Very reasonable take, Alex. It pretty much captured my feelings on violence and player impact in the game. By the time I first got to Finkton I got hit with shooter fatigue. Some of that combat time could have easily been nixed for story exposition -- those "quieter" moments of the game that perhaps provided the purest gameplay and narrative pleasures. Basically, it's those moments where Infinite's at odds with itself and its pacing suffers because of it. I'm glad the story just mostly overcomes such issues.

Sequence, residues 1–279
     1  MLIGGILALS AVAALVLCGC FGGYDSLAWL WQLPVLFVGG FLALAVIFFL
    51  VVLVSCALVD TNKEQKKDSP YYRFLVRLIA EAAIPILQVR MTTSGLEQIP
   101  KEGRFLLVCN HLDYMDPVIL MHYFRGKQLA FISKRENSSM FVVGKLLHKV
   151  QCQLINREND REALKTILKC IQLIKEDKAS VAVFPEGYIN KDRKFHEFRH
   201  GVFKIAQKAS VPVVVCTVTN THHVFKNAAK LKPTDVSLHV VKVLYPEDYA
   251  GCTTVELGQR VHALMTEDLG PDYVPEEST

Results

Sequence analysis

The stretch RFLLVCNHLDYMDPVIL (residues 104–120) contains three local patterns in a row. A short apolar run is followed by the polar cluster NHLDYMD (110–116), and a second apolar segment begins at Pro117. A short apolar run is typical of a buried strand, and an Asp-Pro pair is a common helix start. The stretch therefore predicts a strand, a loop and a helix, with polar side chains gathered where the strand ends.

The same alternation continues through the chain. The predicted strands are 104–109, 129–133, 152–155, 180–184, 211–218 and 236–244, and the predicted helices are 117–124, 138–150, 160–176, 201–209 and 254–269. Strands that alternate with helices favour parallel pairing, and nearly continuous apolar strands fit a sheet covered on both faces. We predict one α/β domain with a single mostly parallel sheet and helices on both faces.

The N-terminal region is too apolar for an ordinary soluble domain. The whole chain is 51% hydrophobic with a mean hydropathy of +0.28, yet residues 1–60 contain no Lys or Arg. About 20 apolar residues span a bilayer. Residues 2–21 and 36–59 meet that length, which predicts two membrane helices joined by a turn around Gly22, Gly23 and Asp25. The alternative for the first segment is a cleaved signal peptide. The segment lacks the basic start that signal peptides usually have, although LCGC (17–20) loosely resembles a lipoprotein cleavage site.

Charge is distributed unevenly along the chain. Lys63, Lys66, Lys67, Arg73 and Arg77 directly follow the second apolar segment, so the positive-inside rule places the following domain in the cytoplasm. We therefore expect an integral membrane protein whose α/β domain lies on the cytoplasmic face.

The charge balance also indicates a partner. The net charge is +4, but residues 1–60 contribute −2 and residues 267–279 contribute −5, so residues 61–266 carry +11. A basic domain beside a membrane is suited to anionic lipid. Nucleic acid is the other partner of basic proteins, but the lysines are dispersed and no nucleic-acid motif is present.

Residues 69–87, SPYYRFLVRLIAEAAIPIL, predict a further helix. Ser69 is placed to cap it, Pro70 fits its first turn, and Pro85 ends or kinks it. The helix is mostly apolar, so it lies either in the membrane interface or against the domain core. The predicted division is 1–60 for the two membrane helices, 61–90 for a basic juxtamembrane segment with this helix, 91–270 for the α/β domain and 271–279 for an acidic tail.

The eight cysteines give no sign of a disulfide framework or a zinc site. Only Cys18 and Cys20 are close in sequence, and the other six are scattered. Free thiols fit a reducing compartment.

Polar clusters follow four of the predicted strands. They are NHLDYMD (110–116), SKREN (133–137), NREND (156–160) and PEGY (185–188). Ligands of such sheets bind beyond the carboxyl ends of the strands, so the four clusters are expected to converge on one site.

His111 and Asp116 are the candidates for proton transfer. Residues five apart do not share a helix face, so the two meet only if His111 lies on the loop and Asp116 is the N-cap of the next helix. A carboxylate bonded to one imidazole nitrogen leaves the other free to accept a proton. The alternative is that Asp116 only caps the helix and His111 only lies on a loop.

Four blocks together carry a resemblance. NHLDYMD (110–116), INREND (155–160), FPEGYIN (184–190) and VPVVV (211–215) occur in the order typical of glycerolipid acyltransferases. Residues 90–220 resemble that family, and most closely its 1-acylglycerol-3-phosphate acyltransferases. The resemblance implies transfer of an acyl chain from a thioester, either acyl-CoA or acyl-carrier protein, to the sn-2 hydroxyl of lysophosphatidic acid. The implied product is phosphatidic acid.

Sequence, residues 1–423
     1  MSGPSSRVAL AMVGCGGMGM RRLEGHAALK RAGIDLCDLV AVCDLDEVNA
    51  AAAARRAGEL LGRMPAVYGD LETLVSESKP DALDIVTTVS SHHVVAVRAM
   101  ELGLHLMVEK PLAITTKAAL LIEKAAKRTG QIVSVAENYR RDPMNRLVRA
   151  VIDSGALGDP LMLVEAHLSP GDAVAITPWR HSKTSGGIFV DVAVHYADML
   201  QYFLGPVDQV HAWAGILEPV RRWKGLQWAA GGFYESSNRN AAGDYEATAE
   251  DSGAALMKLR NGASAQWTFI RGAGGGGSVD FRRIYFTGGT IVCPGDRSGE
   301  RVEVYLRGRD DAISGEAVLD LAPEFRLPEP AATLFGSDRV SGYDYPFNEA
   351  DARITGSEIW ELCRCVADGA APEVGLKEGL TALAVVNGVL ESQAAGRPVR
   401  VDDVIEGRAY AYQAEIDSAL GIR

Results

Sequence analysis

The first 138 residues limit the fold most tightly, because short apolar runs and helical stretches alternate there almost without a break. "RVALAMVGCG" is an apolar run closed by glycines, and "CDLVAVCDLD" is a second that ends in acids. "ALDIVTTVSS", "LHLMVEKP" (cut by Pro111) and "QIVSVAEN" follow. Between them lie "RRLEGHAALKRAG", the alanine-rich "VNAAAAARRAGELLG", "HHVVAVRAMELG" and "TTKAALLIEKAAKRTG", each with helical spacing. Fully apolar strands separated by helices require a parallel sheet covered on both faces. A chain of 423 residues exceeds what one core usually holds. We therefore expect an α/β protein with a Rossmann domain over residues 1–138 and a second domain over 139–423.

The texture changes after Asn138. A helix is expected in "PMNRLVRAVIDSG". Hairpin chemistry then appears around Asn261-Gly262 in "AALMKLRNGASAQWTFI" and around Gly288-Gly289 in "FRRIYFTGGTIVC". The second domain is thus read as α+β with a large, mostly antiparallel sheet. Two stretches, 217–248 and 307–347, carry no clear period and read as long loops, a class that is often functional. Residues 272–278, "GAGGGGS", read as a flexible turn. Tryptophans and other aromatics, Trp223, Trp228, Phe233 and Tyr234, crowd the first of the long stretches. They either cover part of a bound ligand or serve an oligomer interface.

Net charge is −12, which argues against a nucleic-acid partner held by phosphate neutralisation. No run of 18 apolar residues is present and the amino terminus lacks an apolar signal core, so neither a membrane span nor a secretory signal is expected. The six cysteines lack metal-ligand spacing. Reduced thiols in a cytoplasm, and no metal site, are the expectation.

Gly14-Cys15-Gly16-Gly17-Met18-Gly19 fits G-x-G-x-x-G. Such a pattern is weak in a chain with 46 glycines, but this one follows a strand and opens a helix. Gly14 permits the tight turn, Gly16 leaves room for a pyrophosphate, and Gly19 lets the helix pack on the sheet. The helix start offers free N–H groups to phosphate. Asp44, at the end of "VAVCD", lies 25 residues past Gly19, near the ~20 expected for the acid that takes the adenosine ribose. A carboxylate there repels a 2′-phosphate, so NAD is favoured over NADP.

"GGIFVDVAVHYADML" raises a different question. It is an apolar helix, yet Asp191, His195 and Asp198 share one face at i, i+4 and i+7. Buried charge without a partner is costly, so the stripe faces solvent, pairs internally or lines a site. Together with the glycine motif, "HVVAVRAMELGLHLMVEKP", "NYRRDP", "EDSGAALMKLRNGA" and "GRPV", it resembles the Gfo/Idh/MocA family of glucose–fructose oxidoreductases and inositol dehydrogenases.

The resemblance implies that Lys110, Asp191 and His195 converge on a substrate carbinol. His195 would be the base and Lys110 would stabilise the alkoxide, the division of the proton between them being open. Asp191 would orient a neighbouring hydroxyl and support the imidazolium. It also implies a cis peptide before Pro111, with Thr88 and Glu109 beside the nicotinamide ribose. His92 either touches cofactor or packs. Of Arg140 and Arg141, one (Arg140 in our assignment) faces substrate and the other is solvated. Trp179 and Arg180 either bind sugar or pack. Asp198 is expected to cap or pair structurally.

I also maintain that Infinite being an experience to be reckoned with is ultimately good for gaming. Nobody's claiming that it's perfect, but it's certainly well-realized and gives people more to think (and feel) about than most triple-A big budget games. At the very, very least, Irrational made a better, thoughtful shooter with a story that made us care. Considering its hype and reach, I think Infinite can really change some hearts and minds about the medium, especially those players who already love games but never thought they could convey something quite like this.